Unconventional Beauty Quotes

Quotes tagged as "unconventional-beauty" Showing 1-5 of 5
Edmund Wilson
“She was one of those women whose features are not perfect and who in their moments of dimness may not seem even pretty, but who, excited by the blood or the spirit, become almost supernaturally beautiful.”
Edmund Wilson

Viv Albertine
“I also tried to look conventionally attractive when I was in the Slits, but kicked against it at the same time. It's a painful position to be in, having a side, but being inexorably drawn to the other side too.”
Viv Albertine, To Throw Away Unopened

Lisa Kleypas
“As she reached the entrance hall, she saw Lady St. Vincent coming in from the back terrace, her cheeks wind-brightened, the hem of her gown littered with bits of leaves and grass. She looked like an untidy angel, with her lovely calm face and rippling red hair, and the playful spray of light gold freckles across her nose.”
Lisa Kleypas, Mine Till Midnight

Lisa Kleypas
“Evie, Lady St. Vincent, was not nearly so approachable. However, Lillian had already warned Rafe that Evie's shyness was often mistaken for reserve. She was unconventionally lovely, her skin lightly freckled, her hair rampantly red. Her blue eyes contained a cautious friendliness and vulnerability that touched Rafe.”
Lisa Kleypas, A Wallflower Christmas

Kate Morton
“It was a delicate silver frame, small enough to fit within her hand, containing a photograph of a woman. She was young, with long hair, light but not blond, half of which was wound into a loose knot on the top of her head; her gaze was direct, her chin slightly lifted, her cheekbones high. Her lips were set in an attitude of intelligent engagement, perhaps even defiance.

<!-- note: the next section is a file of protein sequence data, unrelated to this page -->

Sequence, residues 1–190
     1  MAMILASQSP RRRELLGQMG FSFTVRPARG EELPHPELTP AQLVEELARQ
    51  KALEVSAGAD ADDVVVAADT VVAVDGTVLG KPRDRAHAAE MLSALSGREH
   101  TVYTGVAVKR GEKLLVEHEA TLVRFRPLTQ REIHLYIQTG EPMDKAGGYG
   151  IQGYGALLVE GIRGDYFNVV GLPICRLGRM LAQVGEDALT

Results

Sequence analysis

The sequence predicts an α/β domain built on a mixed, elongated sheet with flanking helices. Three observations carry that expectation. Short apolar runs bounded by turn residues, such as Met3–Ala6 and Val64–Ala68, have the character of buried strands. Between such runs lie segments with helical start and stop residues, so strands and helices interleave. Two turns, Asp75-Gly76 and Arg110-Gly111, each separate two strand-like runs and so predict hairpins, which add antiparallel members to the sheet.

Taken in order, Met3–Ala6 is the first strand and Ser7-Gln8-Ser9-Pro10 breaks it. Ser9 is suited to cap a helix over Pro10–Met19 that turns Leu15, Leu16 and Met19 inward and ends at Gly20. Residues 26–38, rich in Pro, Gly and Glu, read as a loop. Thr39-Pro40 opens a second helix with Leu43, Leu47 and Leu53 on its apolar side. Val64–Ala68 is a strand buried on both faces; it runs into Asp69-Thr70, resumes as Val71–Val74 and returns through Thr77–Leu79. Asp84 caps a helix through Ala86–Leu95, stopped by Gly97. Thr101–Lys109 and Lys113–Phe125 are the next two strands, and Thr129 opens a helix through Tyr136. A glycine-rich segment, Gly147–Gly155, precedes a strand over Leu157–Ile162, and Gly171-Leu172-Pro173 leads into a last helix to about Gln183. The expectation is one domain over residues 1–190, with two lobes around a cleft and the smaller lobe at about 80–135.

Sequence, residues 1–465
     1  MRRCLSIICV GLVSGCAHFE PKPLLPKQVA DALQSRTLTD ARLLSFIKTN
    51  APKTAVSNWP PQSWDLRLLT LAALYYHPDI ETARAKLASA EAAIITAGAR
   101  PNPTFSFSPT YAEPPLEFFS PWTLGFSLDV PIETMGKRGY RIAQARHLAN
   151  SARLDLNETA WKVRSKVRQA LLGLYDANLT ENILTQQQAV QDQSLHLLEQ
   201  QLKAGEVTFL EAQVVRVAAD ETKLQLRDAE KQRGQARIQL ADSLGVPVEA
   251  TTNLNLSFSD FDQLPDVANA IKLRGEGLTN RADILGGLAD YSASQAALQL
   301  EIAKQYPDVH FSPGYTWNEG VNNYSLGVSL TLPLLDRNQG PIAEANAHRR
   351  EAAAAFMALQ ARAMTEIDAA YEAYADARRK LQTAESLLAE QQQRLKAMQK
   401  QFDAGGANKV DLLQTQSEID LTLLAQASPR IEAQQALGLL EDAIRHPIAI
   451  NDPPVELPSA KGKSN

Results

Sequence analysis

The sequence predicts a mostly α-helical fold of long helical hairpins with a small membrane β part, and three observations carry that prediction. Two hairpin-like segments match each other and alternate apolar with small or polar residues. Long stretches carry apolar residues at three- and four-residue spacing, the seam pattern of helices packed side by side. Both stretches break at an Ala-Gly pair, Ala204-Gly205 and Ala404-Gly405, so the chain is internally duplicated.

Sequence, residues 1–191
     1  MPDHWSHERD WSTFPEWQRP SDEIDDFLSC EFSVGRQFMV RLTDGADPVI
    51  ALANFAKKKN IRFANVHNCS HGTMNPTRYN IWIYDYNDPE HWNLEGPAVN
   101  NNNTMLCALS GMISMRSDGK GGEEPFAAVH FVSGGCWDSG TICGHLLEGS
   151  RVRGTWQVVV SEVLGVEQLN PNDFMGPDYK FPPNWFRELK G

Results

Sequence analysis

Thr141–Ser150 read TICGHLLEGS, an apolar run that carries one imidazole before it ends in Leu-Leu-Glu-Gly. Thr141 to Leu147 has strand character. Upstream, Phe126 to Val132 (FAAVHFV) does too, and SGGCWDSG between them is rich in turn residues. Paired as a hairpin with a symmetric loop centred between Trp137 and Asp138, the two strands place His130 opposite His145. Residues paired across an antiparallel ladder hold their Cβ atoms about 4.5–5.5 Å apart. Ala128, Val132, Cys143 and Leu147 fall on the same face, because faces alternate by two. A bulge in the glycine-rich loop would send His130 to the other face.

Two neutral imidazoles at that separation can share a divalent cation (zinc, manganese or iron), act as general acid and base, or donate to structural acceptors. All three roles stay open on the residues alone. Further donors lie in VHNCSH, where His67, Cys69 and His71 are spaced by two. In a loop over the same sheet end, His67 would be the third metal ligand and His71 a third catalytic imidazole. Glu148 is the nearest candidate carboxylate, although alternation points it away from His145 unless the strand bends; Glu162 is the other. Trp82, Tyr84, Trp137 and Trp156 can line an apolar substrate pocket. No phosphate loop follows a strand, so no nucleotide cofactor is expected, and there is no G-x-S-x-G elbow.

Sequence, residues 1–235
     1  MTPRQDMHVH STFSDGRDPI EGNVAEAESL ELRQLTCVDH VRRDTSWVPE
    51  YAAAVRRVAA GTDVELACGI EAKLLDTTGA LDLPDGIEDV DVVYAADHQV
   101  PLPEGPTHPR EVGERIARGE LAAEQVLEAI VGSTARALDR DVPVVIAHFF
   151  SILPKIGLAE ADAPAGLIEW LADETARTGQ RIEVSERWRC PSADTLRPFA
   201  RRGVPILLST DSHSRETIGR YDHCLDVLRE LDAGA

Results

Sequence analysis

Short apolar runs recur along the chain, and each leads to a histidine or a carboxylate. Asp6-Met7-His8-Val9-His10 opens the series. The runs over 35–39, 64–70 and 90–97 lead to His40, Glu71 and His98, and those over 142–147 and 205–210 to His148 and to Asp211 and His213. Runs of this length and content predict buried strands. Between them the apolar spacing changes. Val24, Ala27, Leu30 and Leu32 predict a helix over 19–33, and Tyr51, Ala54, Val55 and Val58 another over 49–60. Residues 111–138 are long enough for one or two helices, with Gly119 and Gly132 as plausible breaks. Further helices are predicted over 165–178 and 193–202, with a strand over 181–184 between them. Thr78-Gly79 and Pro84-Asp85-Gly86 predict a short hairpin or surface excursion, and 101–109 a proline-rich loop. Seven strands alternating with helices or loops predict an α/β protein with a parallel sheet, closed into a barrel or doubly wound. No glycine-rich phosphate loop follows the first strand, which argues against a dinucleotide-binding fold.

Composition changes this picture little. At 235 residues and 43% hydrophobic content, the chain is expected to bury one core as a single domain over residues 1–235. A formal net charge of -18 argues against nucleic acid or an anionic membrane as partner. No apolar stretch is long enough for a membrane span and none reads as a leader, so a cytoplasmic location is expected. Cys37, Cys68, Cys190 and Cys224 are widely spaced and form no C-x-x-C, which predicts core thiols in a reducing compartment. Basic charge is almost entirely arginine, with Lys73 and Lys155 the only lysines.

Elodie felt a familiar stirring of anticipation as she took in the sepia tones, the promise of a life awaiting rediscovery. The woman's dress was looser than might be expected for the period. White fabric draped over her shoulders, and the neckline fell in a V. The sleeves were sheer and billowed, and had been pushed to the elbow on one arm. Her wrist was slender, the hand on her hip accentuating the indentation of her waist.
The treatment was as unusual as the subject, for the woman wasn't posed inside on a settee or against a scenic curtain, as one might expect in a Victorian portrait. She was outside, surrounded by dense greenery, a setting that spoke of movement and life. The light was diffuse, the effect intoxicating.”
Kate Morton, The Clockmaker's Daughter